Thursday, May 28, 2009
Save the Last Dance for...Randy?
What was once relatively unlikely, now seems to be almost a sure thing - barring some unforeseen ostrich poaching - Randy Johnson will win his 300th game. And what a milestone it is, because Johnson will probably be the last pitcher to EVER DO IT.
Yes, I am fully aware that every time this statement is said in relation to some sports record, the record is immediately broken, and the person who voiced it is taken away to the Gulag and bludgeoned to death with a cane. But forget that. This just ain't happening - ever again. Not ever. Especially not in such a convoluted era populated by coward managers pulling their Aces after 100 pitches. Forget that, as humans we have evolved. Forget that we have grown bigger and stronger. None of that matters any more. At one point in time, 5'2'' Sandy Koufax could take the mound every fourth day and toss 200+ pitches and the go play horseshoes for nine hours or whatever. Now? No way.
The 300 win milestone will disappear soon, and sooner than you think. Only four active players currently have more than 200 wins (Pedro with 214, is not active, so take a hike) - Randy Johnson: 299, Jaime Moyer: 249, Andy Pettitte: 219, and John Smoltz: 210. Out of these players, only Pettitte is under 40 years of age (36). And it will disappear for a better reason: it's a horrible metric in which to gauge the effectiveness of a pitcher. In the end, a pitcher's win total can only really reflect how good of an offense he has, and whether or not he can stay in games long enough to aggregate a victory. Regardless, it's still linked to the history of baseball, blah blah blah, we have to respect it, I guess.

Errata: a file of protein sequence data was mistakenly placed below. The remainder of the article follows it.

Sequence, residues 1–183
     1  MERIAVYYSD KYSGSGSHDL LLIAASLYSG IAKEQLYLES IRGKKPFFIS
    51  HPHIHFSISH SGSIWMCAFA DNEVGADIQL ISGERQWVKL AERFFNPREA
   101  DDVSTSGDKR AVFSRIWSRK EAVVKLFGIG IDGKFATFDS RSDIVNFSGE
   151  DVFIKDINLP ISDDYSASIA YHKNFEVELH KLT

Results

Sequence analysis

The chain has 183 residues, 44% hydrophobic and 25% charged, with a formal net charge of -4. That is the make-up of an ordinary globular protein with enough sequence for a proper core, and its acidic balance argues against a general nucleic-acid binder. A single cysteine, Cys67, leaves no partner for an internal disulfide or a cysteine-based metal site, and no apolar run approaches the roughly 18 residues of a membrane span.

Believe it or not, there are a boatload of fans, writers, and actual players who truly believe that some dominate active pitchers will hit that 300 win plateau, no matter what age said player is, no matter what limitations said player faces, and no matter what the real numbers suggest. Well, all you happy-go-lucky believers out there, here's some advice: don't hold your breath. Actually, on second though, do, because it will afford humanity a few less dreamers to support. But to be fair, let's take the opposite approach and digest just who is out there, and who has an outside shot (and by 'outside shot' I mean out the door, beyond the yard, next to the curb 'outside shot'). Below is a list of players who sorta/kinda/maybe have shot at 300 wins. To make things fair, I'm putting them all on the same career path: We will assume that each pitcher will be a starting pitcher until they're 42 years old.
THE CAGEY VETERANS
I'm mathematically eliminating these 35-and-under guys that are in the 130-200 win range, because it's just not happening for them: Livan Hernandez - (151), Tim Hudson (146), Barry Zito (124), Kevin Millwood (146), Jeff Suppan (131), and Javier Vasquez (131).
1. Johan Santana: 30 years old - 116 Wins